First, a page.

If you haven't read George Orwell's 1984 or seen Minority Report, there's something in this article that ebbs very close to the dystopian concept of "Precrime" in this new research published by researchers from Shanghai. That's the notion that people can be convicted of a crime by just having the intention to commit it, before they actually carry it out. Some criminologists have claimed in the past that they can recognise people more likely to commit crimes by just looking at their facial features.
The debate has been rife between criminologists and psychologists over the years, who have enlisted statisticians time and time again to analyse facial patterns and see if there is any merit to the seemingly absurd notion.
In 2016, we can try a new method of analysis. Researchers from the Jiao Tong University They took ID photos of nearly 2000 Chinese men between 18 and 55, half of which were criminals, and used 90 percent of them to train a neural network to recognise the difference between the criminals and non-criminals. They then tested the neural net on the remaining 10 percent of the images.
The results are unsettling. The neural network could correctly identify the remaining 200 images as criminals or noncriminals with an accuracy of 89.5 percent. This would require much further testing of course, and not just confined to one country or one sex, but the worry of course is how humans might use these machines in the future.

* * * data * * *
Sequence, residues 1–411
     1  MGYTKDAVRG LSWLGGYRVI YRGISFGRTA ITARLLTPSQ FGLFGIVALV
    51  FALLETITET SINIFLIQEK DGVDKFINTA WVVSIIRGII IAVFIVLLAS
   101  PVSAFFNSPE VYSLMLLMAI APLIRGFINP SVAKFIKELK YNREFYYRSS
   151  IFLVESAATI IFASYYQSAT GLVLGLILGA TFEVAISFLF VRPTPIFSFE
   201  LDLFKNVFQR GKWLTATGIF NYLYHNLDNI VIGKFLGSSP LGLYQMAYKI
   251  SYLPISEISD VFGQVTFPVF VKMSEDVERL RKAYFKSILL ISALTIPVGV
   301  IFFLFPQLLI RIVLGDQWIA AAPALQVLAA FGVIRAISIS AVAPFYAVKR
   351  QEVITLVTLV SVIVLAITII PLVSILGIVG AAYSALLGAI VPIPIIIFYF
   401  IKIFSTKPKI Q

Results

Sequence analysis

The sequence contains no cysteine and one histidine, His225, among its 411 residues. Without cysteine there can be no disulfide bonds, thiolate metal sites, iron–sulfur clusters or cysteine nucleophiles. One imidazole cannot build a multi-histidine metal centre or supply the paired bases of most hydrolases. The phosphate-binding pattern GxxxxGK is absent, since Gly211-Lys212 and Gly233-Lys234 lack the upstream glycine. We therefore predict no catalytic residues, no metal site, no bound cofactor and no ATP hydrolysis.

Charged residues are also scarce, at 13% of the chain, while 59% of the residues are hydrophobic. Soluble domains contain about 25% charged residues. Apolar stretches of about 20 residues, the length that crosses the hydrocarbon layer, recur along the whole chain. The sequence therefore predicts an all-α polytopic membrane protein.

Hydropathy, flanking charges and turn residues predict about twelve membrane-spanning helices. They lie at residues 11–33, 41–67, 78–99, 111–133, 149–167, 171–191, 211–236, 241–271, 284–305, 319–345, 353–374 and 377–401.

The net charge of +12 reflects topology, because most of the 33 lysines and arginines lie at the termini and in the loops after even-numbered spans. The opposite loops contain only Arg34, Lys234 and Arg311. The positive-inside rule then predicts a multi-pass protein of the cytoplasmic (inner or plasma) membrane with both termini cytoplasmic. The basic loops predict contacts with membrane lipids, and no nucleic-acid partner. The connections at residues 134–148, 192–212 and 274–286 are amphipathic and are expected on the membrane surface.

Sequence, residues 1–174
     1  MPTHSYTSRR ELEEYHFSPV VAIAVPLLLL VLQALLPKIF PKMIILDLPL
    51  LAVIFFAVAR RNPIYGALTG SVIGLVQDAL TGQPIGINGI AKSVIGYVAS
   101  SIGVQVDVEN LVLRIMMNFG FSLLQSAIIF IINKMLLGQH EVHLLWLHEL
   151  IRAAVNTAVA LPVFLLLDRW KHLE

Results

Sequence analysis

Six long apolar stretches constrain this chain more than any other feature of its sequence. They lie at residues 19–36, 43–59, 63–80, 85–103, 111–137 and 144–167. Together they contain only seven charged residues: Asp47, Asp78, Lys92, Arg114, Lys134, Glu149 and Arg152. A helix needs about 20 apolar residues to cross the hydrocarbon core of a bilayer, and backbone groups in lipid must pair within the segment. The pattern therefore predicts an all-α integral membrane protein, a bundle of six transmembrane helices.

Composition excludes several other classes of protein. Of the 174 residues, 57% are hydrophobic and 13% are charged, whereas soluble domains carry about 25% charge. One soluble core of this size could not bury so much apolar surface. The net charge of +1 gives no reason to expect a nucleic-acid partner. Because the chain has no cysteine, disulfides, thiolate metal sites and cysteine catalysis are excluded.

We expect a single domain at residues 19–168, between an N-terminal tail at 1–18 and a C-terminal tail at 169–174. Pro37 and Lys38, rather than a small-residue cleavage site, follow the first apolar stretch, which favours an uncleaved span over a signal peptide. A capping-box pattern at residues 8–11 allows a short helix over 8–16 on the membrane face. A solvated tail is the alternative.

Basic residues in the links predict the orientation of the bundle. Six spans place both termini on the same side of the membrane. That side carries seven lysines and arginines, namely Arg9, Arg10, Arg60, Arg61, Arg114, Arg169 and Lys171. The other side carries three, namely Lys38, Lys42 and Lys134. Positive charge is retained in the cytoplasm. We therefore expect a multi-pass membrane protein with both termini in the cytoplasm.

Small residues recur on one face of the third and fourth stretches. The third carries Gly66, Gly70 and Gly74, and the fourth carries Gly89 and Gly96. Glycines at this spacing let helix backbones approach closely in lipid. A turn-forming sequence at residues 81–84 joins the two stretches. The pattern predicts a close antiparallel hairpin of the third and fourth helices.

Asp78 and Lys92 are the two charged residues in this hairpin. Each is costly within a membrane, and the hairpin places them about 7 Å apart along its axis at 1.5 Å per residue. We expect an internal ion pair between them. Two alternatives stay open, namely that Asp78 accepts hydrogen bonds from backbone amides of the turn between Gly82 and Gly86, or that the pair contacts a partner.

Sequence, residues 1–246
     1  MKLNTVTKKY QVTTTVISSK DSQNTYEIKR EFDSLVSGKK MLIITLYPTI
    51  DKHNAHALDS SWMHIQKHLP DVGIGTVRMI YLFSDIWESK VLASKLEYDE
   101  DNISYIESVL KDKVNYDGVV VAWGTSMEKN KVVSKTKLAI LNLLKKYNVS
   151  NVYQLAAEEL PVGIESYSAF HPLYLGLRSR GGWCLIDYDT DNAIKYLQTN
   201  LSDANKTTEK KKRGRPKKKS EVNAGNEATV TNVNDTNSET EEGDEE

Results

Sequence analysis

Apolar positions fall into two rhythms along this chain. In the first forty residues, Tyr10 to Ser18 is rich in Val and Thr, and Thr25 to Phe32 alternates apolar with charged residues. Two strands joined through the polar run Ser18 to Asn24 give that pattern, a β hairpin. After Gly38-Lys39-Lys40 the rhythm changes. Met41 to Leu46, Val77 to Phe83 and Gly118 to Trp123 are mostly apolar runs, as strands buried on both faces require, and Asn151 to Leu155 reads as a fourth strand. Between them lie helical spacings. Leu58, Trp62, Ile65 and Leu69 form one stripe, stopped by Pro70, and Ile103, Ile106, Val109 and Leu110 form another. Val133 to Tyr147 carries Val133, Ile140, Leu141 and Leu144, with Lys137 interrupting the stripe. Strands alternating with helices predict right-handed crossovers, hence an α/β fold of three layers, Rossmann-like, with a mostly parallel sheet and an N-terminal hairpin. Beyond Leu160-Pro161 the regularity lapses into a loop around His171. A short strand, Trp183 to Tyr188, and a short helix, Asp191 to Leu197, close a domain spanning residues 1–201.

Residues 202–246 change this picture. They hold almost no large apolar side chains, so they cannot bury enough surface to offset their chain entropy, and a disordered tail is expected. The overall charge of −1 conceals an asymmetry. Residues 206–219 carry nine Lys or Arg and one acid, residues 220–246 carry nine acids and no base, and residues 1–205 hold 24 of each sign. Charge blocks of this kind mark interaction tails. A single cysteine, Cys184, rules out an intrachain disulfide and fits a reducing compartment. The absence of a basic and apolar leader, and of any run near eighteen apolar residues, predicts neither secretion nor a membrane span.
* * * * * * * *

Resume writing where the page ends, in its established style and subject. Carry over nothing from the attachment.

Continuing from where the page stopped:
It's not hard to imagine how this could be applied to data sets like passport or driver license photos of an entire country, and flag some of the population as more likely to commit crimes.
This of course raises important ethical questions. How will we use the newfound data that machine-empowered statistics can give us? Will it look like George Orwell's vision and be full of fear, or will we use the technology to in fact change our society for good? This adds yet another ethical quandry on to the ever-growing pile of the early 21st century.
The results are unsettling. Xiaolin and Xi found that the neural network could correctly identify criminals and noncriminals with an accuracy of 89.5 percent. “These highly consistent results are evidences for the validity of automated face-induced inference on criminality, despite the historical controversy surrounding the topic,” they say.